When forced to cram a 25-year career into 60 minutes, certain sacrifices have to be made, and some of them are going to be painful. Clarity might be the greatest emo album of all time, but its only representative on this night was the dazzling “Lucky Denver Mint.” The similarly dazzling “Sure and Certain,” meanwhile, was the only Integrity Blues track to make the cut. There was time for a new song from a forthcoming album, though it gave little indication what to expect for the new record, as “Love Never” was the sort of workmanlike, melodic rocker Jimmy Eat World can write in their sleep. But that’s just more reason to catch them on their next headlining tour. This night was all about letting the most heartfelt band in the biz play with your emotions like a yoyo, as they inspired headbanging and fist-pumping (“Bleed American,” “Sweetness”), choking back tears (“Work,” “Hear You Me”), and sometimes both at once (“Big Casino”).
Three songs into Third Eye Blind’s set, having just sung “Never Let You Go,” a sublime slice of pop-rock whose outro is marred by some unfortunate pseudo-rapping, Stephan Jenkins took a moment to address the crowd. What started as an apology for not finishing the new Third Eye Blind album in time for the tour (yes, all three bands on the bill have new records in the oven) soon turned into a humblebrag about how they had managed to sell out The Pavilion anyway, which then turned into a deeply melodramatic we’re-all-in-this-together speech. It all was almost too perfect a microcosm of the Third Eye Blind live experience; Jenkins may be a bit much, and his unselfconscious rock-star routine may grate on your nerves, but damn if he doesn’t bring the goods when it matters. The dude knows how to work a crowd, jumping all over the stage and hitting every big note with genuine enthusiasm. It helps that his current bandmates are rock-solid pros who crucially nailed not just the dynamic shifts of Third Eye Blind’s hormonally crazed alt-rock corkers and quiet-to-loud power ballads, but the feeling of raw-nerve volatility which gives those songs their spark.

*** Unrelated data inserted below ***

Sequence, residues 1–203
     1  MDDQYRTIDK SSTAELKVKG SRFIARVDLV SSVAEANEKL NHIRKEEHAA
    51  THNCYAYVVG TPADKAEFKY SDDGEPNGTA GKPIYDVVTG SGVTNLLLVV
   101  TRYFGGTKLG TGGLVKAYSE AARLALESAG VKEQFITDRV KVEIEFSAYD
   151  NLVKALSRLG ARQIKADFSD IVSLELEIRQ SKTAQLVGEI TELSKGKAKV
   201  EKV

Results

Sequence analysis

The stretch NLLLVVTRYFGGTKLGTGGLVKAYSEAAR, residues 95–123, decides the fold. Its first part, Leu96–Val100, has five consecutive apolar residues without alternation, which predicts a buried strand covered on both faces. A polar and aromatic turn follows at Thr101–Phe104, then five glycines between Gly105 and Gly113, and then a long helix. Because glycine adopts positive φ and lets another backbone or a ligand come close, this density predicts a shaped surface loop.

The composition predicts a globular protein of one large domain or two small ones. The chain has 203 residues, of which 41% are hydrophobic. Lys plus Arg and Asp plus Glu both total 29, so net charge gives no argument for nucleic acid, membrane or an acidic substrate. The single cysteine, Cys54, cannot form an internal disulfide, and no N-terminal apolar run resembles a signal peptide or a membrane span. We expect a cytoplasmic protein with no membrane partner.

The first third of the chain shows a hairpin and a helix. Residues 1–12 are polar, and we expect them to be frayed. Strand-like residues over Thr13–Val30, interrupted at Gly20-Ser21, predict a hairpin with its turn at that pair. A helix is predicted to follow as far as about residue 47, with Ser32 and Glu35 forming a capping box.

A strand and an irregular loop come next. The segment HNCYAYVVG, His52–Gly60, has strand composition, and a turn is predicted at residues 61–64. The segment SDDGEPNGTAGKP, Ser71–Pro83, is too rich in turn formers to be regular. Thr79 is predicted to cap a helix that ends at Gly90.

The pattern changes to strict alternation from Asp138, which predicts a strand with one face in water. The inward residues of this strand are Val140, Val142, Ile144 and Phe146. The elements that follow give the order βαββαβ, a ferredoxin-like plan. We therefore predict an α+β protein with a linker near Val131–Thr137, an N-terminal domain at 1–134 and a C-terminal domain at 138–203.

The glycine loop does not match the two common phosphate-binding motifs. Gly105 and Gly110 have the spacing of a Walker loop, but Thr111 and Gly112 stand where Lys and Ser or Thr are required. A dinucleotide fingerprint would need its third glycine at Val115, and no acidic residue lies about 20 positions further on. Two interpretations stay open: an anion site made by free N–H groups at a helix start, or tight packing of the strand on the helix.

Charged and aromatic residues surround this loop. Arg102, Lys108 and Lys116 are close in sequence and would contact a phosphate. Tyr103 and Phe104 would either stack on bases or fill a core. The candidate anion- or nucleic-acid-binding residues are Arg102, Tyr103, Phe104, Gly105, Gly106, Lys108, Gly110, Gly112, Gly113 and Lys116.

A mid-set semi-acoustic portion yielded both highs (the sweet dorm-room strummer “I Want You;” the tender, yearning “Motorcycle Drive By”) and lows (“Slow Motion,” which takes the edgelord tendencies Jenkins so cunningly snuck onto “Semi-Charmed Life” and blows them up to tediously cartoonish extremes). “Jumper” came shortly after, and I’m honestly not sure I’ve ever heard a louder audience sing-along. Guitarist Kryz Reid even paused to let the crowd yell the guitar solo before coming in with his own version, enhanced with some extra shredding for good measure.
Few outside of the Third Eye Blind fanbase seem to realize just how large and passionate that fanbase is, and if The Pavilion faithful didn’t make their presence felt on “Jumper,” they certainly did on “Semi-Charmed Life,” as they knew the lyrics so well that Jenkins let them sing multiple verses and choruses without him. He reasserted his frontman bona fides when the band closed with “Losing a Whole Year,” yelping the emo anthem with desperate force before falling to his knees for an awesome full-throated scream. In moments like those, the playing of these decades-old songs felt less like nostalgia than the continual, collective processing of formative joys and traumas whose stings have never softened.